It’s very difficult to argue that black is white, and although Dawkins tries several tactics to achieve just that, slip-ups are inevitable. One such slip-up can be found in “A Devil’s Chaplain” (2003). On page 260 the following appears. “If a genetic change has no causal influence on bodies, or at least on something that natural selection can ‘see’, natural selection cannot favour or disfavour it. No evolutionary change will result.”
Why is this a slip-up? Because it contradicts two basic assertions of selfish gene theory. It shows that the organism is the level at which selection occurs, not the gene. This is surely of crucial importance. (So important that selection levels are an infrequent topic for Dawkins.) And it shows that presenting the gene as the unit of selection, as though this is all that is important in evolution is just plain foolish. If a change in something as fundamental as a gene can have no influence on the phenotype then clearly the gene is no more than a cog in a machine. It is the combined characteristics of the phenotype that result in survival and hence evolutionary change. And if the effect of a gene on the phenotype is limited, or heavily dependent on other factors, then its influence on the world at large, the extended phenotype concept that Dawkins hopes will “illuminate whole areas of biology in new ways”, is sure to be diminished as it will be dependent on other factors to a far greater extent.
It’s significant that the only convincing examples Dawkins gave of the extended phenotype concept involved parasites, organisms that we’ve always known as master manipulators. To conclude from this that genes in general are master manipulators, or that the extended phenotype is a general rule of nature is delusional.
All that we can take from The Extended Phenotype is that genes are a factor in natural selection, and even in ecology. But then, we already knew that.
I have a confession to make. I wrote the above as I progressed through the book, but prior to reading the final two chapters. You can imagine my surprise when I found in them a de facto scuttling of selfish gene theory. Not that Dawkins would admit that, what he did was capitulate to his academic opponents by conceding that selection takes place at the level of organisms, then he attempted to reconcile the basis of his two principal books with his newly acquired view of evolutionary biology. Rather a difficult task you might think. Dawkins must have thought so too, because in the second edition of TEP a remarkable situation arose. The second edition gives the preface to the first, followed by a preface for the second. The two are worlds apart in difference of tone. In the first, written in 1981, Dawkins is apologetic, with just a hint of despair, as in “She has kept me going by believing in the project even through the times when I lost my own confidence.” That doesn’t sound like the Dawkins we know at all. In the second, written in 1989, the tone is upbeat and confident, as in a reference to “the now widely accepted selfish gene view of evolution.” That’s the Dawkins of old. My guess is that he was not confident prior to publication that selfish gene theory would survive his capitulation. It should not have survived. Dawkins engaged in some fancy footwork and more smoke and mirrors in an attempt to show that “the version of genic selectionism that can be attacked as naively atomistic and reductionist…is not the view that I am advocating.” But he’s loose with the truth, for in the preface to the second edition the gene is referred to as “the centre of a web of radiating power.” That definitely is naively atomistic and reductionist.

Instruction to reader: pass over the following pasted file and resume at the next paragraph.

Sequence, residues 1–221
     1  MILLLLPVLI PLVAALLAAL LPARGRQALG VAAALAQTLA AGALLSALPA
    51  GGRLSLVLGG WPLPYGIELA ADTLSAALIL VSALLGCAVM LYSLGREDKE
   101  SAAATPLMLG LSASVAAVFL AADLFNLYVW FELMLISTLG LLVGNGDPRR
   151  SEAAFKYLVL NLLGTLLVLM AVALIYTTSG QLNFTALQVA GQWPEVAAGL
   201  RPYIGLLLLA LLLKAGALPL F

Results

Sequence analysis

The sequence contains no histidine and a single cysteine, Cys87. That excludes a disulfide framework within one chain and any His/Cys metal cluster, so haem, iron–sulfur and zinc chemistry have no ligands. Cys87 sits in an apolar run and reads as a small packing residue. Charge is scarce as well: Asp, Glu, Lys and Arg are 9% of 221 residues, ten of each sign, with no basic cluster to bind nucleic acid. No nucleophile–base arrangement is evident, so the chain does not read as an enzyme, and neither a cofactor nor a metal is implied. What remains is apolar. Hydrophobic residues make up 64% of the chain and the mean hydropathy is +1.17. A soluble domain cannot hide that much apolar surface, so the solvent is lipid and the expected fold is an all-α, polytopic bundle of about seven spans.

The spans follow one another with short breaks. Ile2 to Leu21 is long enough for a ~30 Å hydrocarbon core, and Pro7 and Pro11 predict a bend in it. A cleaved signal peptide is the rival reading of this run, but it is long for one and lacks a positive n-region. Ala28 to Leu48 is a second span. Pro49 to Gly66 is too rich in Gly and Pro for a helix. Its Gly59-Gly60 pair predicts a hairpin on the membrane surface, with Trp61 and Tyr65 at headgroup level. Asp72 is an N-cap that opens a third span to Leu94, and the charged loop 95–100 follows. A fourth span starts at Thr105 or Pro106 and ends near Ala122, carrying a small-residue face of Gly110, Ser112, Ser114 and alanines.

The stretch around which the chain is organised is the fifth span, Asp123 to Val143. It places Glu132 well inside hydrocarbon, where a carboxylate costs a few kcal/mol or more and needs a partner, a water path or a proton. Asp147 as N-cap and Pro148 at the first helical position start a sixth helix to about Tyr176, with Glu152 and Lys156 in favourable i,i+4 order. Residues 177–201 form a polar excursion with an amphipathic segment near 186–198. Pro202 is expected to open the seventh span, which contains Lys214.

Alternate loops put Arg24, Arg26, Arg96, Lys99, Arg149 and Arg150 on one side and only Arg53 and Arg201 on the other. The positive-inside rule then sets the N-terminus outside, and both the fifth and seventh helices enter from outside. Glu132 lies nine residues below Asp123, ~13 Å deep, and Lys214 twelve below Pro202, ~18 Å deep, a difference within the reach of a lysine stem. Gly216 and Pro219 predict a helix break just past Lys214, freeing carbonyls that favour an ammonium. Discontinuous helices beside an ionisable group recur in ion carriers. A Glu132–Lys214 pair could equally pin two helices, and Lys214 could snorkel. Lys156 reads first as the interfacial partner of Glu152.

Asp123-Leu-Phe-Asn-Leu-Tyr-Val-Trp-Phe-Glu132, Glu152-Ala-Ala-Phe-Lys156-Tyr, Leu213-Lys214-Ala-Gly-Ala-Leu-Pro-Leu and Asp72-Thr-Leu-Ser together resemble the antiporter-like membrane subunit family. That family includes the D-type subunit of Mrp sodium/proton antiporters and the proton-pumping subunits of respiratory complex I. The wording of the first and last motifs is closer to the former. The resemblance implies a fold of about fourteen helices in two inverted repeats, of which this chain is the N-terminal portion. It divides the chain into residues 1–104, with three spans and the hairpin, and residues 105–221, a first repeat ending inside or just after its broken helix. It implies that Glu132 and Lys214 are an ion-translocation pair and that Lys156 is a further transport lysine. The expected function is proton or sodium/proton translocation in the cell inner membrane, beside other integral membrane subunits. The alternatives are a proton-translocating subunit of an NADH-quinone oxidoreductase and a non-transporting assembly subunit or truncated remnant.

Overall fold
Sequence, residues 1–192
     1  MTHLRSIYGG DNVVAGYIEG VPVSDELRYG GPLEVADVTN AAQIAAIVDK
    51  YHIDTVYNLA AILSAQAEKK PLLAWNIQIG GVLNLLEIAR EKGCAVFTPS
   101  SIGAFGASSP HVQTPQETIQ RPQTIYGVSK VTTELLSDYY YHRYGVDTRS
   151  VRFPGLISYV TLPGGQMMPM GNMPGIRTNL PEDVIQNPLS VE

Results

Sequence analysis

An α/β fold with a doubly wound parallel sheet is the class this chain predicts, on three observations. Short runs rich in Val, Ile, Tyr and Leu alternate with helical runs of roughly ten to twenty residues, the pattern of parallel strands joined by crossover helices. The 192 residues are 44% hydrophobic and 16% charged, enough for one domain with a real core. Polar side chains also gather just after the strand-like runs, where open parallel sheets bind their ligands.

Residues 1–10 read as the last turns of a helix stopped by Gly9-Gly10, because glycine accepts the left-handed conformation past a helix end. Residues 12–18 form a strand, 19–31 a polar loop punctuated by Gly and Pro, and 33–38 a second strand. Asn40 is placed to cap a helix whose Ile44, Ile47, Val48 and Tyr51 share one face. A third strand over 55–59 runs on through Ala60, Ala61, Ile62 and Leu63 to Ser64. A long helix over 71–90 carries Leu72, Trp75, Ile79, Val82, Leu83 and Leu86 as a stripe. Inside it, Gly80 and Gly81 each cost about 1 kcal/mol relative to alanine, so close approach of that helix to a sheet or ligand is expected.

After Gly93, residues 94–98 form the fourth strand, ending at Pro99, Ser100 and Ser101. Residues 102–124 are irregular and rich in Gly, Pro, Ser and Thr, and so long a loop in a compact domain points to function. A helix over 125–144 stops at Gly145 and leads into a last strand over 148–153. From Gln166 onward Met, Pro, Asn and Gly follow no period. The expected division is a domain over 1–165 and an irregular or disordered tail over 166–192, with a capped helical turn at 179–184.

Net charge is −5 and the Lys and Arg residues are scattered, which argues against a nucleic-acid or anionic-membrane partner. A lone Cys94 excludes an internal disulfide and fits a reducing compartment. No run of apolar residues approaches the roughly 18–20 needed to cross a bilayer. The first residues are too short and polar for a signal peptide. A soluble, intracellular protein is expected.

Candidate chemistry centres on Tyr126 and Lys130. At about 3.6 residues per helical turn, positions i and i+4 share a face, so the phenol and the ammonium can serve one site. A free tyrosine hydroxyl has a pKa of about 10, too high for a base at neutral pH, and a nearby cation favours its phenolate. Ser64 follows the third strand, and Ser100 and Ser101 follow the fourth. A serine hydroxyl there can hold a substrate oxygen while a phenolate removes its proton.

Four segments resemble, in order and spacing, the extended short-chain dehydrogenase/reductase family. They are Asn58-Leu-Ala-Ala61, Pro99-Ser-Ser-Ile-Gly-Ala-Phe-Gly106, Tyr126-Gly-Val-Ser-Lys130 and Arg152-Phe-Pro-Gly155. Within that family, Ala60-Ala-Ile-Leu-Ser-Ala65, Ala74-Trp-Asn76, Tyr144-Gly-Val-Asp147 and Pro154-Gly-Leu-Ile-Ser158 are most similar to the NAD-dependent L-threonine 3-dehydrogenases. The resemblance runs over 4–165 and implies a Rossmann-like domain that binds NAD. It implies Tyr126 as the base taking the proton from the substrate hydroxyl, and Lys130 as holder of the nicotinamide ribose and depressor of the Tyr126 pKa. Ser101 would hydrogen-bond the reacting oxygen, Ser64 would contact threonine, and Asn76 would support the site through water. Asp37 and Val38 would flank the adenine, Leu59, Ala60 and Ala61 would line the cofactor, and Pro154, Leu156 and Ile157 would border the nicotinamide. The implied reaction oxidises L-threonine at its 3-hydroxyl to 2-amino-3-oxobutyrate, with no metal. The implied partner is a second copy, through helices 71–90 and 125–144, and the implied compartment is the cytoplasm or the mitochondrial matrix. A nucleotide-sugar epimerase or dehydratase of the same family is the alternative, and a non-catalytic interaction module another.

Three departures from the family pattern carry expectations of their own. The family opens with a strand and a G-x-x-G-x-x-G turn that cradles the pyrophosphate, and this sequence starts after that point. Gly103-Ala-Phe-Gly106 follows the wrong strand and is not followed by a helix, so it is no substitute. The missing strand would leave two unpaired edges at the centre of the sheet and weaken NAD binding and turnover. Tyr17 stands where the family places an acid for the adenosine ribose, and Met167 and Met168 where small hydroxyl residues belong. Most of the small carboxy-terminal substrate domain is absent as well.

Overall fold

Fancy footwork is not quite the right image; he prostrated himself at the feet of Ernst Mayr in an effort to be onside with “the grand old man of evolution”, then had the effrontery to claim that his reformulated interpretation of gene selection would be acceptable to Mayr. Not according to Mayr, who repudiated the gene’s eye view of evolution repeatedly throughout his career. Keep in mind that Dawkins rolled over, accepted organism selection, but still chose The Gene as The Unit of Selection as the sub-title of the first edition. It is true that unit and level are different concepts, but as Mayr said in 1997, “The term (gene as replicator) is, of course, in complete conflict with basic Darwinian thought…Since the gene is not an object of selection (there are no naked genes) any emphasis on precise replication is irrelevant. Evolution is not a change in gene frequencies as is claimed so often, but the maintenance or improvement of adaptedness and the origin of diversity. Changes in gene frequency are a result of evolution, not its cause. The claim of gene selection is a typical case of reduction beyond the level where analysis is useful.” Mayr has, in that single highlighted sentence, exposed the fallacy on which Richard Dawkins built a career.
Now, Dawkins has a fondness for putting the knife into his opponents then giving it a little twist by using their names as labels for their alleged misunderstandings, as in “Washburn’s Fallacy”. It only seems fair therefore, that “The Dawkins Fallacy” should be added to the list. It goes as follows; “Evolution is the external and visible manifestation of the differential survival of alternative replicators.” (TEP p82)
There's a valuable discussion of these issues in the comments that follow the article here.